Rudenschöld

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One of our largest and brightest meeting premises with light coming from two directions.

Rudenschöldssalen is perfect for big meetings. The light in this hall, coming from two directions, is fantastic. Three group rooms in direct connection to the hall are available for rent. This is Långholmen’s "penthouse" since the elevator takes you directly up to the conference room.

Facts

Cinema seatingup to 70 persons
Classroomup to 47 persons
Islandsup to 48 persons
U-shapeup to 25 persons
Size7.5m x 9.5m
Rent9,876 SEK/day

Equipment in the meeting rooms

LCD projector - TV/Video - Whiteboard - Flipchart - Wireless internet - Mineral water & goodies - Pads & pens - Table signs

And Some History…

Magdalena Rudenschiöld, Långholmen’s first political prisoner, was member of the Swedish nobility and a lady-in-waiting who was the centre of attention owing to her beauty and wits. Magdalena fell in love with general Armfelt, a ”reckless” but also an unfortunate passion, because the general conspired against the regency that took over after the murder of Gustav III. Armfelt was exiled and in 1794 Magdalena was sentenced to decapitation for her participation in the Armfet conspiracy.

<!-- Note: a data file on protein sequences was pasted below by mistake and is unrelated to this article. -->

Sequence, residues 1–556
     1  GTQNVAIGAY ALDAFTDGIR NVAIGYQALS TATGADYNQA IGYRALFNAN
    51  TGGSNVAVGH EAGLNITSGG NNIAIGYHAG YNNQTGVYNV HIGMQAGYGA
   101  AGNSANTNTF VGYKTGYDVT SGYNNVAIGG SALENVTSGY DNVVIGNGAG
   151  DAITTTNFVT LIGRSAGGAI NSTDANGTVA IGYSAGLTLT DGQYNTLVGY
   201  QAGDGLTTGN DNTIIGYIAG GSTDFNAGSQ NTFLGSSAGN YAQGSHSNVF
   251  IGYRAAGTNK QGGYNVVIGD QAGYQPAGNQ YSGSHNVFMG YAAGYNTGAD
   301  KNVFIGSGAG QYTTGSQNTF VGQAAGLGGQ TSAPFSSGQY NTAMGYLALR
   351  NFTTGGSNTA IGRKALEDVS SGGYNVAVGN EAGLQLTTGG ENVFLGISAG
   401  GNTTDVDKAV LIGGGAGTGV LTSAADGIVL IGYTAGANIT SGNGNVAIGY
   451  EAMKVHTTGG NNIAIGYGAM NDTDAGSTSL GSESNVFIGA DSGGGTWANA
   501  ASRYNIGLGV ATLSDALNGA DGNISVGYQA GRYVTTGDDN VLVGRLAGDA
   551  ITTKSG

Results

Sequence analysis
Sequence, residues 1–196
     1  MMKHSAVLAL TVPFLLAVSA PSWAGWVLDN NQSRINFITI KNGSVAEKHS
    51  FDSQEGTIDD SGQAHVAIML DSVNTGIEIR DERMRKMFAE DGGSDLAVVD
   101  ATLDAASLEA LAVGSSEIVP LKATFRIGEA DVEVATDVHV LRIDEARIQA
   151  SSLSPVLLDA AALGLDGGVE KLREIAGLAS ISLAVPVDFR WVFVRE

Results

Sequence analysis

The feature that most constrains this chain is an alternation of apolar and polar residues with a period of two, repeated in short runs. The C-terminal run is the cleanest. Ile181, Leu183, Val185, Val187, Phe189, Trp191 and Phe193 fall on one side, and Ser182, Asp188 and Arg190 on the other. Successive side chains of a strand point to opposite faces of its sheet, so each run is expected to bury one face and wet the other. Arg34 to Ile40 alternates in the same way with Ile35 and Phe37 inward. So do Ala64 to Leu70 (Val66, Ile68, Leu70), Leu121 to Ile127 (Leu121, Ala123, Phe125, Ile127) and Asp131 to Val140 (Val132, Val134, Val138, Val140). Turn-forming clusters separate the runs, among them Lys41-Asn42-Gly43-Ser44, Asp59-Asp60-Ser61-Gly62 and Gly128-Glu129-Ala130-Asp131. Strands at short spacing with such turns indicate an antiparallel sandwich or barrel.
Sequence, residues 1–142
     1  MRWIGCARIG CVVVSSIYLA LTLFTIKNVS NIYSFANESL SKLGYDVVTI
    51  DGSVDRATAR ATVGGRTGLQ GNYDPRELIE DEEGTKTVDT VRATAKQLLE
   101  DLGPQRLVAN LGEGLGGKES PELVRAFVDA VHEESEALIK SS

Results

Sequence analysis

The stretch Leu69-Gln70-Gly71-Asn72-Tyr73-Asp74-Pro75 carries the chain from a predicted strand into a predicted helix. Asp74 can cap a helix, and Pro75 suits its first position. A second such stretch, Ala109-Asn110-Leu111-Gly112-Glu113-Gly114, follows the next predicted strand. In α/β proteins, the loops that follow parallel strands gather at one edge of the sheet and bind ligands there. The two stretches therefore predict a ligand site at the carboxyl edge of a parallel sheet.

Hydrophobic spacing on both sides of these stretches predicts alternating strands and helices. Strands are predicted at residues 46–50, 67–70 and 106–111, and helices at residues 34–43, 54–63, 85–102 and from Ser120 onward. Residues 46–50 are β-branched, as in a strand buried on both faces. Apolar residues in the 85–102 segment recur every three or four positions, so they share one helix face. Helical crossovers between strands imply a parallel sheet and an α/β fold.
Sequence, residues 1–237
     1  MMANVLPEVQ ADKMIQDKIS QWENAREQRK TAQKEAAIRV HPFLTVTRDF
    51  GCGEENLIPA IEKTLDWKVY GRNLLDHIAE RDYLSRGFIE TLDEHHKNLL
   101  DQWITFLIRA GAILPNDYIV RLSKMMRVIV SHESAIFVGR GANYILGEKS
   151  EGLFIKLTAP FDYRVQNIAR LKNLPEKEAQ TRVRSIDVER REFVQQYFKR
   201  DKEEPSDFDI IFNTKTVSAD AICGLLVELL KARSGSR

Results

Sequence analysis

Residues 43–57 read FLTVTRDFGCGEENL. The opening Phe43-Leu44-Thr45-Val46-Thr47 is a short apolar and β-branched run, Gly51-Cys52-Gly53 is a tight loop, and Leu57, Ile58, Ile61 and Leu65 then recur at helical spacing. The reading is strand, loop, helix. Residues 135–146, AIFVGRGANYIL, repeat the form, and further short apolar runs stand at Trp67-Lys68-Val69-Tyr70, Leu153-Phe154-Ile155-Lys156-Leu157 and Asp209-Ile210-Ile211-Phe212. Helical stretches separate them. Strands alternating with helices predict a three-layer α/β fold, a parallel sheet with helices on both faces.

After a powerful admirer, Duke Charles, Gustav III’s brother, intervened in her defence, Mamsell Rudenschiöld got to keep her head but she was stripped of her status as a noble and lady-in-waiting. The poor Magdalena could not escape the shame of public pillorying at the city square as the customs were back then. She fainted at the pillar of shame. She was brought unconscious to the spinning house at Långholmen and became its first political prisoner.

At the spinning house, as the name suggests, the inmates had to earn their board and lodging through assiduous work at the spinning wheel to supply the great Swedish army with uniforms. Magdalena Carlsdotter, former lady-in-waiting, as she was called back then, never mixed with the spinning house inmates who were mainly prostitutes, female criminals or women who could not earn their daily bread. After a while she was housed in the vicarage on the island with servants and own furniture. The VIP prisoner was spared the spinning house diet of porridge and salt herring. She was served four-course meals by one of the directors of the Board of Commerce (Magdalena’s father had been chairman of the office that was in charge of the spinning house…)

After barely two years, Magdalena was released from prison in 1796. She was sent away to her homestead in Gotland but after a brief quarantine she was allowed to return to the mainland. She ended her dramatic life in 1823 after putting it down in an autobiography.